“Yes, dear, I know.” Another short silence hummed on the line. “But between you and me, Gabe was the one I worried about the most.”

That stopped Lillian cold. “You did?”

Elaine was quiet for a moment. Lillian could almost hear her thinking about the past.

“I wasn’t the only one who was concerned about him,” Elaine said eventually. “Isabel and I discussed him often. Even as a little boy, Gabe always seemed too self-contained, too controlled. He never lost his temper, never got in trouble at school. Always got good grades. It just wasn’t natural.”

“You mean for a Madison?” .

“No, I mean for a little boy. Any little boy.”


“It was as if he always had his own private agenda. Looking back, I can see that he must have been driven, even then, by his vision of building a business empire.”

“I think you’re right,” Lillian said. “He needed to prove something to himself. But he accomplished his goal.”

“People who are compelled by a lifelong ambition do not change, even after it appears to everyone else around them that they have achieved that ambition. In my experience they remain driven. It’s a deeply imbedded characteristic.”

A Madison and his passion.

“Mom, listen, I really don’t—”

“I don’t want to intrude on your personal life, but I am your mother.”

“I know.” Lillian sighed. “You gotta do what a mom’s gotta do.”

“I think you should assume that nothing has changed with Gabe.”


“Madison Commercial was always the most important thing in his life. It still is. If anything, all that single-minded determination and willpower he used to get to where he is today has only become more honed through the years.”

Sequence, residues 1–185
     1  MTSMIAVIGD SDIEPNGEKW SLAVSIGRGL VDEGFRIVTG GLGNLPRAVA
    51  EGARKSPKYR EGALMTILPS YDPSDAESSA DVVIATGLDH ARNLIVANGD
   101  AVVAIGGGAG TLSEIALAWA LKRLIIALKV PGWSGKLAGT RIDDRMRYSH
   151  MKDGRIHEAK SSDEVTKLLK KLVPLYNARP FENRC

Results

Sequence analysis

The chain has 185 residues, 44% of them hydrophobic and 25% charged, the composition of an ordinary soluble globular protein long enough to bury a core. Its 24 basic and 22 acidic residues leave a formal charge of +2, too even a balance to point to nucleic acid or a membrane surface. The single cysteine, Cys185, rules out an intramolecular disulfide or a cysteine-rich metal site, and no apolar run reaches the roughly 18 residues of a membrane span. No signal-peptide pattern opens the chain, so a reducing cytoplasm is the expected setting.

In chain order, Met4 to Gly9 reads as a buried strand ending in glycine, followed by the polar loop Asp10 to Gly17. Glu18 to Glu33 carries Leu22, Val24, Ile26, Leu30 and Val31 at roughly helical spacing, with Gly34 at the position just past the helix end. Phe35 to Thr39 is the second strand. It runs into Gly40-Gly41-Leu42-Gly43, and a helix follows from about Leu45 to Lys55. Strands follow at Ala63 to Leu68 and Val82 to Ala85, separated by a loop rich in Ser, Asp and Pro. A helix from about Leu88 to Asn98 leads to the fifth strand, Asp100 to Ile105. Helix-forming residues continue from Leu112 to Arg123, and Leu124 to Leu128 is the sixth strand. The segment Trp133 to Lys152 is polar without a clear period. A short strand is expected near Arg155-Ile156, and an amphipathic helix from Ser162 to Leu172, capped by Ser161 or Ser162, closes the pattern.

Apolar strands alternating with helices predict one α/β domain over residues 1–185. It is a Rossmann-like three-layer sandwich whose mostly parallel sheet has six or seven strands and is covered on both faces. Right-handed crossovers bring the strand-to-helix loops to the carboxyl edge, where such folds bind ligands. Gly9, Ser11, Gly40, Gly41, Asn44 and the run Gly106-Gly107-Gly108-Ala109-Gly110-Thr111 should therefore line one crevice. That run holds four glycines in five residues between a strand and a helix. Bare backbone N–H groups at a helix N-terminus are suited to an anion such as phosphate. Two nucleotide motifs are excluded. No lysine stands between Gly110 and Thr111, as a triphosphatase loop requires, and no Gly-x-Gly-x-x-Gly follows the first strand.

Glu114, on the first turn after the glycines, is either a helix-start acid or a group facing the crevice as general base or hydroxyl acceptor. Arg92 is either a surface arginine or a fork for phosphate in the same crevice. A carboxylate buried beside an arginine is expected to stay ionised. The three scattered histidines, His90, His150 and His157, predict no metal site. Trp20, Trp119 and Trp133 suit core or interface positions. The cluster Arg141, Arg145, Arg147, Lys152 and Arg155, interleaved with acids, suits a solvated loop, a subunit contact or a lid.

“Meaning,” Elaine said bluntly, “that if he has decided to see you socially, as you call it, he very likely has a reason.”

She felt her stomach tighten. “Is this where you tell me that the only thing Gabe wants from me is sex?”

“No.” Elaine paused. “To be frank, I expect that, given his money and position, Gabe can get as much of that as he wants.”

Lillian winced. She had a feeling her mother was right. “Please don’t tell me that you think he’s getting some sort of perverse satisfaction out of having an intimate relationship with a Harte. I refuse to believe that he’s so warped or so immature that he sees seducing me as a form of one-upsmanship.”


She felt her stomach unknot. “He wouldn’t stoop to such a thing just to score points off a Harte. Heck, his brother is married to one now. Even Granddad couldn’t possibly believe—”

“No,” Elaine said again, soothing now but firm. “I don’t think Gabe would seduce you just to score points in that ridiculous old feud. He’s a long-term strategist, not a short-term opportunist.”

She let herself relax a little more. “So, what are you trying to say, Mom?”

“I just want you to be careful, dear. Your father and I have been talking a lot lately. It is clear that Harte Investments will have to be sold or merged when Hampton retires in a couple of years. None of you three kids wants to take over the company, nor does your father want you to feel that you must.”